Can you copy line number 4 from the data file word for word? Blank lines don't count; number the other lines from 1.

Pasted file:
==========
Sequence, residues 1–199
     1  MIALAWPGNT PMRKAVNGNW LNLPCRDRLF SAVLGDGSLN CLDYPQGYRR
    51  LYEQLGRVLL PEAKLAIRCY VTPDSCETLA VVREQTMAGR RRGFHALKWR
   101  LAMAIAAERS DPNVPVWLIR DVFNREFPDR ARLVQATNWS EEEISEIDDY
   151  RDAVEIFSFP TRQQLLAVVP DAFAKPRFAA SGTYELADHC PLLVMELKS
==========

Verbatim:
   101  LAMAIAAERS DPNVPVWLIR DVFNREFPDR ARLVQATNWS EEEISEIDDY